Nicholas Pastor

White male

Age at time: 33

Weapon: unarmed


Evio Landa

Other male

Age at time: 50

Weapon: gun



Case type:
Unprovoked attack

Public Street



Case year:

Location details: outside a popular nightspot in Fort Lauderdale, Broward County, on March 24, 2012

What happened: Evio Landa and his sons approached Nicholas Pastor at Mangos and asked for an apology for throwing a used tissue at his son's car. There was a confrontation and Landa and his sons left the restaurant and went in different directions. Pastor soon followed the older Landa and took off his shirt, seeming ready to fight. Witnesses said that Landa warned Pastor to stay away from him because he had a gun and they saw Pastor knock Landa to the ground and pummel him. After several blows Landa shot Pastor once in the chest. Landa had a concealed weapons permit for the derringer and remained at the scene to be interviewed by police. Pastor survived the gunshot wound and recovered.

The outcome: Prosecutors declined to file criminal charges because it qualified as a Stand Your Ground case. In his decision, Assistant State Attorney Alex Urruela wrote, "The verbal warning, coupled with the size difference between the two men and the fact that Landa waited until he was struck numerous times before firing his weapon indicate that he reasonably believed that potentially deadly force was necessary to prevent his own death or great bodily harm."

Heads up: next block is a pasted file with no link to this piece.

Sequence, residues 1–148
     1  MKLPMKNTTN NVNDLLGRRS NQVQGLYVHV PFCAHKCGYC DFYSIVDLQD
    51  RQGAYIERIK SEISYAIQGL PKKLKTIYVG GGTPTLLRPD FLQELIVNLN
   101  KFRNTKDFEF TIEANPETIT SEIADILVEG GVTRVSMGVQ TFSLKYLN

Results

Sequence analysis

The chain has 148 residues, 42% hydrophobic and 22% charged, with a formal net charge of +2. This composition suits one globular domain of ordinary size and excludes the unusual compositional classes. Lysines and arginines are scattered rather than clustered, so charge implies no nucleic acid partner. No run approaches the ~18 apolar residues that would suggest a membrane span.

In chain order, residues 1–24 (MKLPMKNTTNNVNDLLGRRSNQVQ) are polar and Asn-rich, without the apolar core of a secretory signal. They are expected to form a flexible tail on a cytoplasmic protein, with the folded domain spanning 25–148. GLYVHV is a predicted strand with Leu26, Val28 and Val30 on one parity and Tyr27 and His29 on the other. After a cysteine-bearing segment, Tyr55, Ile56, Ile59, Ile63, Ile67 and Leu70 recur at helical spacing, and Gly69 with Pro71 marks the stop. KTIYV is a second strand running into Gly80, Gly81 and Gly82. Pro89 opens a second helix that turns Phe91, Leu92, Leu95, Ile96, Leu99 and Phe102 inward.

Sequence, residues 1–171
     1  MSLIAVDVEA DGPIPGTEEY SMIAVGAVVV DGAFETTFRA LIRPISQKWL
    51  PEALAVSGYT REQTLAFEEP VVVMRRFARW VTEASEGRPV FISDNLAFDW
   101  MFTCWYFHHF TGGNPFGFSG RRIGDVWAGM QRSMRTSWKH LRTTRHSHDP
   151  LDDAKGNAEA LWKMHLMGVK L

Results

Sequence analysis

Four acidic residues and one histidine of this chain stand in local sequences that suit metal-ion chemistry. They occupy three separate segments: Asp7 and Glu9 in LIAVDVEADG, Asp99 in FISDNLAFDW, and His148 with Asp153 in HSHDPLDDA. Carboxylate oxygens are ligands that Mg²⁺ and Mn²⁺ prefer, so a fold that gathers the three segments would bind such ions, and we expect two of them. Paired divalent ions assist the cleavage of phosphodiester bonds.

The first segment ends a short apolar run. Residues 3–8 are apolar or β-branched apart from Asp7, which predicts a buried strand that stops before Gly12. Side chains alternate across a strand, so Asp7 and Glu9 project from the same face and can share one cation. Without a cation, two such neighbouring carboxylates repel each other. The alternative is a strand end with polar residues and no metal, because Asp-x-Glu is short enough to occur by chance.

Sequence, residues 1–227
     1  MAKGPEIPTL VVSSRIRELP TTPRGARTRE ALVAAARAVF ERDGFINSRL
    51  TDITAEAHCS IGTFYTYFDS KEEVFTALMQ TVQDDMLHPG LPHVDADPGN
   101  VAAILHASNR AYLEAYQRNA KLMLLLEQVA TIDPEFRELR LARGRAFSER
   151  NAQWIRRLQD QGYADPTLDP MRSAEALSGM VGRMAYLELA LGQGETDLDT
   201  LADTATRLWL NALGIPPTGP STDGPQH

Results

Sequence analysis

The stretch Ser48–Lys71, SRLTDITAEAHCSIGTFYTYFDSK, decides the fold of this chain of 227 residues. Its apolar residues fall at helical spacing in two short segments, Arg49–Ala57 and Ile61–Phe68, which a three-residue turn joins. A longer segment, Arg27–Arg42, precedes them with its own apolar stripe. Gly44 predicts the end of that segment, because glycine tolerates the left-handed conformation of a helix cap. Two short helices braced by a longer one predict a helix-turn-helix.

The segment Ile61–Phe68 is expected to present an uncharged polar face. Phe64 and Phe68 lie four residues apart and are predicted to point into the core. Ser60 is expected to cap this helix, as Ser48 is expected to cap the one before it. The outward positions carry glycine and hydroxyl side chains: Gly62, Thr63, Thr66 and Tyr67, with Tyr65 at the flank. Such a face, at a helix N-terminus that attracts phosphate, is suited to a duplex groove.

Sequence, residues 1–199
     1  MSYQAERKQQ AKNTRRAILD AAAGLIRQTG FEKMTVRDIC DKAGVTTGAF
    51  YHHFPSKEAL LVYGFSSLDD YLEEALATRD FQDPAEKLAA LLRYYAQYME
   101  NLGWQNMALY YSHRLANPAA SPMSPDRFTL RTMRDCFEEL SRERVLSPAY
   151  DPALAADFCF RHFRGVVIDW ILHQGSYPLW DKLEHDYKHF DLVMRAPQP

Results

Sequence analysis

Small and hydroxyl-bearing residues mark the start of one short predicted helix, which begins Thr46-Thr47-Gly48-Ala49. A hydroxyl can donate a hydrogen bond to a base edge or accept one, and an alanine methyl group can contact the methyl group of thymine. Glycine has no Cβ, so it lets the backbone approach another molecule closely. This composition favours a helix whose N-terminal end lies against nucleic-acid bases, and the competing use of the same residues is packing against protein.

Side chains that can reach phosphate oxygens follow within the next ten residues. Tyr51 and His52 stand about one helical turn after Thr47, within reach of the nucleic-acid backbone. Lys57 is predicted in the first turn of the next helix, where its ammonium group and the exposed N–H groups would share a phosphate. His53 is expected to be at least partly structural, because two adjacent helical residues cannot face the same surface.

Investigating agency: Fort Lauderdale Police

Case decision made by: prosecutors

Trayvon Martin’s death became controversial because circumstances leading up to the shooting cast doubt on who was to blame. The Tampa Bay Times reviewed other “stand your ground” cases for similar circumstances. The Times relied on available information, some of which may not tell the whole story. When the situation was unclear, that was noted.

Yes No Unclear/

Did the victim initiate the confrontation?


Was the victim armed?


Was the victim committing a crime that led to the confrontation?


Did the defendant pursue the victim?


Could the defendant have retreated to avoid the conflict?


Was the defendant on his or her property?


Did someone witness the attack?


Was there physical evidence?


Source: Sun Sentinel, March 26, 2012. Link to original source

Source: Sun Sentinel, Sept. 29, 2012. Link to original source

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Case last updated: Aug. 10, 2013